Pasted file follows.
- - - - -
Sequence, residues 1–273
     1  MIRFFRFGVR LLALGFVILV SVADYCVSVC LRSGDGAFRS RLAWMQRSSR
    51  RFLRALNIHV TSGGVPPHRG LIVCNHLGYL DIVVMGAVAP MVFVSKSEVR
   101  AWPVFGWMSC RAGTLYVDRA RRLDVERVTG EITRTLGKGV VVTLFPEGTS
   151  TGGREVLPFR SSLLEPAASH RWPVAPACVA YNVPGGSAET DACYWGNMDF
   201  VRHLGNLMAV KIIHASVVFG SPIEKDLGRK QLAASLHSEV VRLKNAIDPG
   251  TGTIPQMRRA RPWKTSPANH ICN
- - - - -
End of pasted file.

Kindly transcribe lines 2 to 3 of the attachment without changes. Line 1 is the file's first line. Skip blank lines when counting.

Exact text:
     1  MIRFFRFGVR LLALGFVILV SVADYCVSVC LRSGDGAFRS RLAWMQRSSR
    51  RFLRALNIHV TSGGVPPHRG LIVCNHLGYL DIVVMGAVAP MVFVSKSEVR